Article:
In a recent Ontario Court of Appeal decision, a couple’s claim for oppression was upheld against their condominium board for imposing harsher agreement terms on them than on other unit owners.
Couple Buys Adjoining Unit with Board’s Approval
A husband and wife purchased a unit in a condominium development (the “condominium”) in Muskoka in May 2014. In February 2016 their immediate neighbour advised them that his unit, which adjoined theirs, was to be sold. The couple were interested in purchasing it, but only if they could make an opening from their unit into the adjoining unit.
The husband thus asked the condominium’s board of directors for permission to make the alterations.
His request was addressed at the board meeting on March 25, 2016. The husband was then a director and did not vote on the proposal. The board approved the proposal with several conditions.
The conditions imposed on the approval by the board were:
- that the unit owner pay all the costs;
- that the alteration not affect the use and enjoyment of other unit owners;
- that the alteration not affect the symmetry of the building;
- that the alteration not affect the condominium’s budget;
- that all the necessary engineering and town approval be given before the work commenced;
- that the wall be returned to its existing state if the unit owner (the husband) was to sell one of the units and at no cost to the condominium; and,
- that the two units “could never be sold as one unit.”
Following this, and despite the fact that s. 98 of the Condominium Act required the condominium to enter into and register on the title to the units an agreement with the couple before they made “an addition, alteration or improvement to the common elements,” the condominium did not register the agreement. The condominium’s past practice was to not register any such agreements.
Based on the board’s approval, the couple bought the adjoining unit and completed the renovations in early 2018.
However, the membership of the board of directors then changed, and the new board sought to unravel all that had gone before regarding the two units owned by the couple, largely on the basis that there was no s. 98 agreement covering the alterations.
The board created new identical s. 98 agreements for all past unit owners, with the exception of the agreement with the couple, which included a different clause stating:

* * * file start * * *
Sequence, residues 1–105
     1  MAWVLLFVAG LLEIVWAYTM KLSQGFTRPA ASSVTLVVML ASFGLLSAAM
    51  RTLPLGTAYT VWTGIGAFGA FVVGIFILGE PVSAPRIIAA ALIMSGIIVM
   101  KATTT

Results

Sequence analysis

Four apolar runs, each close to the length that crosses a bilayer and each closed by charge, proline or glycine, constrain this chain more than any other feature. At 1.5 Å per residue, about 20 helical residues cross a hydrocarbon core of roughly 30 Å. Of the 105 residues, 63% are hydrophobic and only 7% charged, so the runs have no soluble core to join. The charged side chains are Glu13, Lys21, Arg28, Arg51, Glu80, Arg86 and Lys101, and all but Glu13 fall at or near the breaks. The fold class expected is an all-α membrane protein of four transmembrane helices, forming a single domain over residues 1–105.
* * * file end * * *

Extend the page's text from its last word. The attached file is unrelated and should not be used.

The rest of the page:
“The Improvements shall be removed by the Unit Owner, at the Unit Owner’s sole expense, before the Unit is sold. Specifically, the Unit shall be restored to the condition before the Improvements were made, including but not limited to the reinstallation of the common element demising wall within the Unit and any changes that were made by the Unit Owner related thereto.”
Couple Claims Oppression Remedy
As a result, the couple brought an application under s. 135 of the Condominium Act for an oppression remedy on the basis that they were “targeted” after their relationship with members of the new board began to break down.
(2) On an application, if the court determines that the conduct of an owner, a corporation, a declarant or a mortgagee of a unit is or threatens to be oppressive or unfairly prejudicial to the applicant or unfairly disregards the interests of the applicant, it may make an order to rectify the matter.
(3) On an application, the judge may make any order the judge deems proper, including,
(a) an order prohibiting the conduct referred to in the application; and
(b) an order requiring the payment of compensation.
The application judge granted the couple’s oppression application, ordering that the additional clause in the couple’s s. 98 agreement be changed to:
“The changes to the demising wall should be removed by the Unit Owner, at the Unit Owner’s sole expense, before the unit is sold. Specifically, the Unit shall be restored to the condition before the demising wall was altered.”
Additionally, the application judge awarded the couple $10,000 in damages for oppression.
The condominium appealed.
Court of Appeal Upholds Decision
The Court of Appeal began by describing the two-part test for oppression as set out by the Supreme Court of Canada:
“First the claimant must establish that there has been a breach of reasonable expectations and second, the conduct must be oppressive, unfairly prejudicial or unfairly disregard the interests of the claimant. […]
At its heart, the oppression remedy is equitable in nature and seeks to ensure what is “just and equitable”.”
After reviewing the application judge’s conclusions, the Court of Appeal stated:
“The Condominium had provided s. 98 agreements to the other unit owners who had completed alterations but the one prepared for the [couple] to sign was both onerous and different. […] The application judge’s remedy served to rectify the Condominium’s oppressive conduct, which seeped through all its actions, including its approach to this litigation. The Condominium’s real interests were entirely protected by the s. 98 agreement ordered by the application judge, which simply incorporated the conditions imposed when the Board originally approved the [couple’s] proposal.”
As a result, the appeal was dismissed.
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